POINT OF VIEW County’s trauma system a model for state, nation


If you were to experience a traumatic injury in Palm Beach County today, you would receive care from one of the top trauma centers in our state. First responders would stabilize you and then transport you by air or ground to the Level 1 Trauma Center at St. Mary’s Medical Center, or the Level 1 Trauma Center at Delray Medical Center. There, you would meet at least 30 members of our trauma team, who would be there waiting for you, as they do every day, around the clock, ready to use their specialized training to make every attempt to save your life. And because your injury happened in the county, your chances of survival would be better than if this incident occurred anywhere else in the state of Florida.

Our current county trauma care system is widely heralded by national trauma experts as a model for the state and the nation. The system was developed more than 25 years ago with the formation of the Palm Beach County Health Care District. Today, both Delray Medical and St. Mary’s care for the most critically injured adults and children, and both have achieved Level 1 trauma status, the highest level of care available. Our mortality rate for preventable deaths is approximately 1.6 percent — the lowest in the state with the highest injury severity score.

Before we had a health care district, more than 50 percent of the trauma patients whose deaths were preventable did not survive. Each year, since 1991, the system has been further refined and enhanced in quality, efficiency, emergency response times, trauma surgery outcomes and post-operative care.

At every stage, from first responders to the emergency room to surgery and post-operative care, practice leads to proficiency. National standards for Level 1 trauma centers require treating a minimum of 1,200 patients per year with severe and/or life-threatening traumatic injuries. In Palm Beach County, there are about 3,000 such cases per year, so both St. Mary’s and Delray Medical have approximately 1,500 trauma activations each.

This fact is further established by the five-year plan adopted last summer by the Palm Beach County Health Care District. It concluded that the two current trauma centers are adequately serving the county’s needs, and that there is no need for an additional center.

Skilled trauma surgeons who want to work at a Level 1 facility would be inclined to go elsewhere. Also, diluting that volume could impact training programs at Florida Atlantic University’s medical school and other efforts to grow our own next generation of trauma surgeons.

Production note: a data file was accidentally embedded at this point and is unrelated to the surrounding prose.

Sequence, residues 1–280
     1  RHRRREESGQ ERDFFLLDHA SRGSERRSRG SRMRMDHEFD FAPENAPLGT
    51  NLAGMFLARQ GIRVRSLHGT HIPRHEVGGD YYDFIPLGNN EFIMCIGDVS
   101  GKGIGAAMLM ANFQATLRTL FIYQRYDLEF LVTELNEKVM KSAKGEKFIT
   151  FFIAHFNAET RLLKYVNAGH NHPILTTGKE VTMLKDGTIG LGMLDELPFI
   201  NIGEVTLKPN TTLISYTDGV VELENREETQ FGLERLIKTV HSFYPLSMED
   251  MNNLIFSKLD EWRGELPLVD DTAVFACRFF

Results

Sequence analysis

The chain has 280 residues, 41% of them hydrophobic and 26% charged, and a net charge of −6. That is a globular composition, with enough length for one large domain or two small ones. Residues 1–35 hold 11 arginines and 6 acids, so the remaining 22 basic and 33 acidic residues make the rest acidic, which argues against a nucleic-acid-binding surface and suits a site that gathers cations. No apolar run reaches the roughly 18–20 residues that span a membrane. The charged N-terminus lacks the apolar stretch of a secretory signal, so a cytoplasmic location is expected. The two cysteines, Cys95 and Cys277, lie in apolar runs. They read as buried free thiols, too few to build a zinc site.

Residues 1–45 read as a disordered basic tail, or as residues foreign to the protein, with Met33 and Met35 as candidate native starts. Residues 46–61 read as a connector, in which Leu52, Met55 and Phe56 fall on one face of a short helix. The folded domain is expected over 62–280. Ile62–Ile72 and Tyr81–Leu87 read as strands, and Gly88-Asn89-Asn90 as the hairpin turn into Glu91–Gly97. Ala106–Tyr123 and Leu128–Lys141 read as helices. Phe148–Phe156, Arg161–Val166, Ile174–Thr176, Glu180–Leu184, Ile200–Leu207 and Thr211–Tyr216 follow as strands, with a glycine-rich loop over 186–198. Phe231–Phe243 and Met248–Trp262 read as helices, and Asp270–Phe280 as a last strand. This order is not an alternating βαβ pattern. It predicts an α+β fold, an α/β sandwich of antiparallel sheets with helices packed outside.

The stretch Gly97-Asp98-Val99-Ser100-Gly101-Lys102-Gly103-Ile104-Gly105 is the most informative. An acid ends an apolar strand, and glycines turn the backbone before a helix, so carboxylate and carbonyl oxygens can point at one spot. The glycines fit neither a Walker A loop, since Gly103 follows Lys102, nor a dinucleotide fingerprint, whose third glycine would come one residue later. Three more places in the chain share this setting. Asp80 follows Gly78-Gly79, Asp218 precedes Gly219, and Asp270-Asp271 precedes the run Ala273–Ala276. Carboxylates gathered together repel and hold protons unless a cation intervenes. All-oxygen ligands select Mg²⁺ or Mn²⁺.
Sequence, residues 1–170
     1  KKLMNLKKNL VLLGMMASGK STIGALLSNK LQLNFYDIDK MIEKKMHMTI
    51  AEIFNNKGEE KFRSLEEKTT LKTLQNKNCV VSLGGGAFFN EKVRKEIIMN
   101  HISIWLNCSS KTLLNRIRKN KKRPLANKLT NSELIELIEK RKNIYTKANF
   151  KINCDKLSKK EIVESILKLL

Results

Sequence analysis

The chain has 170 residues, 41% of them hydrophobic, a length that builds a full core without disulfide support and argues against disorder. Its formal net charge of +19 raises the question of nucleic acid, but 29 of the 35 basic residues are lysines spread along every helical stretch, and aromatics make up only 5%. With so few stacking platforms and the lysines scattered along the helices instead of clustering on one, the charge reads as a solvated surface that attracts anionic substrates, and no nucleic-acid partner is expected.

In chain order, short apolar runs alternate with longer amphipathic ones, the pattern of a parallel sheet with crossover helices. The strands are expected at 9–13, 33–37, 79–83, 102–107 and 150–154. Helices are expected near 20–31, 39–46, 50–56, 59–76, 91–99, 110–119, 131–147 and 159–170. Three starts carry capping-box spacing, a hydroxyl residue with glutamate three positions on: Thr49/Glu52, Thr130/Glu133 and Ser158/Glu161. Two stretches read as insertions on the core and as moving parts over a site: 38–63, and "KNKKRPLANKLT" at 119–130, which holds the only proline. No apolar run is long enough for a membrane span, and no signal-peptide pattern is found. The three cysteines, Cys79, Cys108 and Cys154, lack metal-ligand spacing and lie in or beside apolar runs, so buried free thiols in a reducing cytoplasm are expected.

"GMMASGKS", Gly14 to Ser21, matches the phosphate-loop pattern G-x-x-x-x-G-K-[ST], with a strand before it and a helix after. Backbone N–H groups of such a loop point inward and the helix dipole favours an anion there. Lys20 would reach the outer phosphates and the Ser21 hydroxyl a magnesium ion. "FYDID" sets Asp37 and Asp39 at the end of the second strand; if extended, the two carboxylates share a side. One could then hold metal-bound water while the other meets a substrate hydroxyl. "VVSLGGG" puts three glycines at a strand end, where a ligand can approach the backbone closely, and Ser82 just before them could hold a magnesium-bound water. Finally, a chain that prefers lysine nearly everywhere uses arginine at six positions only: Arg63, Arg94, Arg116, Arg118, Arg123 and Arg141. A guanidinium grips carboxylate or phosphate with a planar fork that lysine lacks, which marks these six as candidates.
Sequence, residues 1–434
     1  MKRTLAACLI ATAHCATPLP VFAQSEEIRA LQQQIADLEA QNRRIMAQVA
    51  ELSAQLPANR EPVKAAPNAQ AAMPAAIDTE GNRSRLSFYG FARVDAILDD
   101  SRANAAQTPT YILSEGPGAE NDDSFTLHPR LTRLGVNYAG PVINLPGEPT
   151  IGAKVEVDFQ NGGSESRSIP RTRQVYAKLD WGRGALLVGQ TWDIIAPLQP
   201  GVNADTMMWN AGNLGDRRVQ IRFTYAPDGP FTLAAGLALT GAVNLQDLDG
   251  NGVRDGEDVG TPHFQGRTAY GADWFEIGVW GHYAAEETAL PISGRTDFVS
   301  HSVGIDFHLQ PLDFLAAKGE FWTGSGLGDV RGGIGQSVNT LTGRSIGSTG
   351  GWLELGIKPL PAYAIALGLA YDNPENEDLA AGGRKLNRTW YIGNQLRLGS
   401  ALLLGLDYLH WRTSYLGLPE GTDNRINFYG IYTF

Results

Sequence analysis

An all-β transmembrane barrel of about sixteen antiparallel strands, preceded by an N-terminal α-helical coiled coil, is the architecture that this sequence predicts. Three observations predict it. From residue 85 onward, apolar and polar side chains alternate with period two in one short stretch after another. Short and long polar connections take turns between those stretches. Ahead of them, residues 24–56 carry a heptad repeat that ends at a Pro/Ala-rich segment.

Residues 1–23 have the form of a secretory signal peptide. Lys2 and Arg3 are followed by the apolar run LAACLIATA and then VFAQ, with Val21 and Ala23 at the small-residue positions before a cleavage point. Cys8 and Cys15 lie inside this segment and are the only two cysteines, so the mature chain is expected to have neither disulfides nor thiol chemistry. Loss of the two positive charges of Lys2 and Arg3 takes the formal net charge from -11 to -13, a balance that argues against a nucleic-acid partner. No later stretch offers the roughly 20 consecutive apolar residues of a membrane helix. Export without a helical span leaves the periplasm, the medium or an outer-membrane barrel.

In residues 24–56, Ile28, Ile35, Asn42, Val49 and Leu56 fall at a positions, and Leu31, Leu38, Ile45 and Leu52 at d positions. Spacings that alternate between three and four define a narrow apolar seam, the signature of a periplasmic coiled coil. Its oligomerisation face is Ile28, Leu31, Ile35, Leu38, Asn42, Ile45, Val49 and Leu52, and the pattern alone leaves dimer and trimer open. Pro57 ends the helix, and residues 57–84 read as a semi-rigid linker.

Dr. Paul A. Taheri, CEO at Yale Medicine and Deputy Dean of the Yale School of Medicine, studied our system and concluded that “…by any metric this journey is a success, the trauma centers are well regarded, there is adequate capacity, the clinical care is exemplary and the system leadership is mature and sophisticated.”

Great trauma care depends on collaboration, cooperation and relentless practice. Criteria published by the American College of Surgeons say that another trauma center may be justified if it takes more than 60 minutes for a patient to get to a trauma hospital and receive care. Our average transport time is currently 8 minutes.

Our current trauma systems of care work exceptionally well for this community. We need to retain Level 1 trauma care in our county by protecting our current model. This trauma system has saved our community’s lives for decades; now it’s our turn to save our fast access to Level 1 care.

ROBERT BORREGO, WEST PALM BEACH

Editor’s note: Dr. Robert Borrego is medical director of trauma at St. Mary’s Medical Center.



Reader Comments ...


Next Up in Opinion

Opinion: ‘Little Pink House’ speaks truth to power

Coming soon to a cinema near you — you can make this happen; read on — is a bite-your-nails true-story thriller featuring heroes, villains and a history-making struggle over … the Constitution’s Takings Clause. Next Feb. 24, “Little Pink House” will win the Oscar for best picture if Hollywood’s political preening...
Opinion: What happened in Starbucks isn’t really about Starbucks

I don’t drink coffee, so I can’t boycott Starbucks. But I wouldn’t if I could. Yes, I understand — and share — the national anger over viral video of last week’s arrest of two African-American men at one of the company’s Philadelphia stores. The men, who have yet to be identified, were reportedly doing nothing...
Editorial cartoon
Editorial cartoon

CARTOON VIEW DAVID HORSEY
POINT OF VIEW: YouTube shooter fits most important narrative of all

Few would have guessed the next shooting to make national news would be carried out by a female animal-rights activist enraged at YouTube for demonetizing her fitness videos. And because YouTube shooter Nasim Najafi Aghdam doesn’t fit into the familiar narratives of the gun epidemic, those on the right have taken to Twitter to create narratives...
Letters: Sandy Hook denier is indefensible

Sandy Hook denier is indefensible Palm Beach Post reader Barbara Susco praises disgraced former Florida Atlantic University professor James Tracy in her letter, “Pursuit of real news becomes paramount,” (April 17). As a father of an 8-year-old, my blood ran cold reading her defense of this monster who not only denied the reality of the...
More Stories